November 8, 2002

Panel considers prejudice of doctors

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Dr. John Leonard, Dr. PonJola Coney, and George C. Hill, Ph.D. encouraged physicians and students to examine their biases and to be aware of minority issues of health care. (photo by Dana Johnson)

Panel considers prejudice of doctors

Are doctors racist?

Perhaps. But it will take more than recognizing subconscious bias to eliminate the alarming disparities in health care experienced by minority patients, speakers said Tuesday during Ethics Grand Rounds in Light Hall.

One solution recommended in a recent Institute of Medicine report is to increase the number of minority physicians and researchers. That’s easier said than done, however.

“Minority students incur tremendous debt,” said Dr. PonJola Coney, senior vice president for health affairs and dean of the School of Medicine at Meharry Medical College. “They don’t start out with the kinds of resources that non-minority students start with.”

There is a federal loan repayment program, and other programs to encourage minority students to seek careers in medicine, medical research and public health, but “all of these programs are currently in danger of being axed from the budget,” Coney said.

Several programs are underway at Vanderbilt to recruit and train medical and graduate students from underrepresented minorities. Growing numbers of minority high school and college students participate in summer programs at Meharry and Vanderbilt, thanks in part to increased federal funding and the Meharry-Vanderbilt Alliance.

But doctors and medical schools alone can not solve the problem of disparity. “Health care is rationed in this country according to who you are, … and the job you have,” Coney said. “It is the economy and factors that have shaped society that contribute to those problems.”

Dr. John Leonard, professor of Medicine and director of the Internal Medicine Residency Program at Vanderbilt, urged every physician at least read Chapter 4 of the nearly 600-page Institute of Medicine report, which explores possible reasons for racial and ethnic disparities in health care.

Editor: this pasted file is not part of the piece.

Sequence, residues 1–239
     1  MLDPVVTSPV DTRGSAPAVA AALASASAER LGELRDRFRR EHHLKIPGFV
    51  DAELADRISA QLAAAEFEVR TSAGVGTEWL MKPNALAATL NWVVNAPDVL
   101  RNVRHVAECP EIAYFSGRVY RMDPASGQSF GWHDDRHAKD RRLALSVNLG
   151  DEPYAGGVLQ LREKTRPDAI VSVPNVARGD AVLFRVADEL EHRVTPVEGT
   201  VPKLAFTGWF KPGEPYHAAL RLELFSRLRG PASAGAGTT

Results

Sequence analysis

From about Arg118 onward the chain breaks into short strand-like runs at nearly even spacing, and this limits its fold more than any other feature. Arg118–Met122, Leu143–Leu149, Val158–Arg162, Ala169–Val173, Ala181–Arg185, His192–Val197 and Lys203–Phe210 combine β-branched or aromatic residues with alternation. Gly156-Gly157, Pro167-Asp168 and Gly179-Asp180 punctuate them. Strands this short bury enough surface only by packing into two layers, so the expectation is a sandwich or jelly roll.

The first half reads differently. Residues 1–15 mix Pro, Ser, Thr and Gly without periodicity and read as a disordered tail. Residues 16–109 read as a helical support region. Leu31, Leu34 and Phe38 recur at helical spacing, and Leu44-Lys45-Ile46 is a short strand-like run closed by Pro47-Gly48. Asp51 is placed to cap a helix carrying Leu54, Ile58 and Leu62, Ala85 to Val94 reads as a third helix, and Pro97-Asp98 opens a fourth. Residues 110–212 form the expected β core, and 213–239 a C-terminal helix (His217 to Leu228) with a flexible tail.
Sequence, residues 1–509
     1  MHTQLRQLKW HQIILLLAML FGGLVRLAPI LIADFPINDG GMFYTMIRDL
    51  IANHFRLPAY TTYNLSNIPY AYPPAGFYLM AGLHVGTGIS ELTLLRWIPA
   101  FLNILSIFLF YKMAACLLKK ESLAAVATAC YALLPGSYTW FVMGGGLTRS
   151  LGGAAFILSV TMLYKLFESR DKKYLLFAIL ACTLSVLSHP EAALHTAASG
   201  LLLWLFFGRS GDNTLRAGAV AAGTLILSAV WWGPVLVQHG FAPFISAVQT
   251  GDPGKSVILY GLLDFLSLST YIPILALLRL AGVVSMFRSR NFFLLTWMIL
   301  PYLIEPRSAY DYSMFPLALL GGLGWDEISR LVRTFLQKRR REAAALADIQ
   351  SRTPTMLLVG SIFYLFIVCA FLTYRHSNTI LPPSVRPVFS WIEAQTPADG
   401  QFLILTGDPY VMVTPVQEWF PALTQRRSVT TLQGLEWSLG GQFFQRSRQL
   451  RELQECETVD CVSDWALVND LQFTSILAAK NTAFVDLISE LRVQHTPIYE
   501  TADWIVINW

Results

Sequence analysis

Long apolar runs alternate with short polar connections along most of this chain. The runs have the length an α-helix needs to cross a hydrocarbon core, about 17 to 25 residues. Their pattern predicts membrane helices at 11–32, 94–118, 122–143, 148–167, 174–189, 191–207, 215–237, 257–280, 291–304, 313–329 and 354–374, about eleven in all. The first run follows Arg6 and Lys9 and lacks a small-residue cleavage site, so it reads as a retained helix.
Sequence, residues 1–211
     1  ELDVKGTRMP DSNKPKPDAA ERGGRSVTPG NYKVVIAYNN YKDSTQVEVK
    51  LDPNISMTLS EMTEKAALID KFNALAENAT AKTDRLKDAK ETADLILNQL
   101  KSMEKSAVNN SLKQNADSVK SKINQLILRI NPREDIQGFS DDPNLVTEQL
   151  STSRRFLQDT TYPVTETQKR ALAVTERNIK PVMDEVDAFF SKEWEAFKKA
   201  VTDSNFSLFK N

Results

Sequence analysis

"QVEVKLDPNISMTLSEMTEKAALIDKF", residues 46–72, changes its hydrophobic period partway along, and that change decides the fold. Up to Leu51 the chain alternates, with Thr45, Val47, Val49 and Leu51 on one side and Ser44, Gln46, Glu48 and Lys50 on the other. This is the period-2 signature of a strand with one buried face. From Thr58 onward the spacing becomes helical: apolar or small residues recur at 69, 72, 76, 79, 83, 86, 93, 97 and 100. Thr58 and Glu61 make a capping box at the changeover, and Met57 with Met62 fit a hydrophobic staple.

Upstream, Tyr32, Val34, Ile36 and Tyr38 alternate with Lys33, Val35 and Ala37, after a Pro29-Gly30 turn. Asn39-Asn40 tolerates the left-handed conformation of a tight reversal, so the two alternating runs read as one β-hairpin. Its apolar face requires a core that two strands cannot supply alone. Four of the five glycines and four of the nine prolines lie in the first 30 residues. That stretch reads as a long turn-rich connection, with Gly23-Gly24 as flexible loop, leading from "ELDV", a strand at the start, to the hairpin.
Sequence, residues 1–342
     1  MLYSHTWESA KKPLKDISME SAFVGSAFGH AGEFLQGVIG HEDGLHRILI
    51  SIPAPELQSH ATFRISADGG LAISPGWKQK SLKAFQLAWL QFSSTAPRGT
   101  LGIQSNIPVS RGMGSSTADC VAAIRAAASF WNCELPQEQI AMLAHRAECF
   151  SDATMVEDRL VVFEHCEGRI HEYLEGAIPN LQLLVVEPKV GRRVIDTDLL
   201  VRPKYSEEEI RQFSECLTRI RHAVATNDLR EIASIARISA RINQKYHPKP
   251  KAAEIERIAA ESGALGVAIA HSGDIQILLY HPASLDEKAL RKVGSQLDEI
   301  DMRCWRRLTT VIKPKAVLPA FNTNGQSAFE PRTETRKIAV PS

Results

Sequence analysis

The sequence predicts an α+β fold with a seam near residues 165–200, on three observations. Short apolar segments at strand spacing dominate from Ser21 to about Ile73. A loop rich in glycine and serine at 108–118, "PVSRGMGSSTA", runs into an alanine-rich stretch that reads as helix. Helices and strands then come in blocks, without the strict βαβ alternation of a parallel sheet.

The report, titled “Unequal Treatment,” is available on the institute’s Web site,

It concluded that disparities exist “even when insurance status, income, age and severity of conditions are comparable,” said Dr. Frank Boehm, professor of Obstetrics and Gynecology at Vanderbilt and chairman of the Medical Center’s ethics committee who moderated the panel discussion.

For example, Boehm said, “minorities receiving Medicare were 3.6 times more likely to undergo leg amputations for diabetes complications than similar white patients, and African Americans were 35 percent less likely than whites to undergo angioplasty and heart bypass procedures with the same disease severity.”

"Are doctors racist?" Leonard asked. "Of course we are not, and yet we are. We are all at some level, by our human nature and our social upbringing … (The) sense of belonging to one group and not another could lead to implicit bias, … and certain even unconscious or half-conscious stereotypical attitudes and behaviors."

Leonard urged the audience to embrace the ideals of the legendary 19th Century physician William Osler, who he said "mastered the art of medicine as few have done."

"Why was he a great physician?" Leonard asked. "Because his errand in life not only concerned the bodies of men and women but their spirits."

“I think it’s critically important that we continue to have these discussions on a regular basis,” concluded George C. Hill, Ph.D., Levi Watkins Jr. Professor and Associate Dean for Diversity at Vanderbilt. “Do not be afraid to raise these issues in discussions when one is considering a case or when one is considering the actions of other individuals.

“Finally, it’s very important to recognize that who we serve and how we will serve them is going to change dramatically,” Hill added. “The students in our first-year class, when they begin to practice, will be seeing a higher proportion of underrepresented minorities. It’s our responsibility as an institution to prepare them for that.”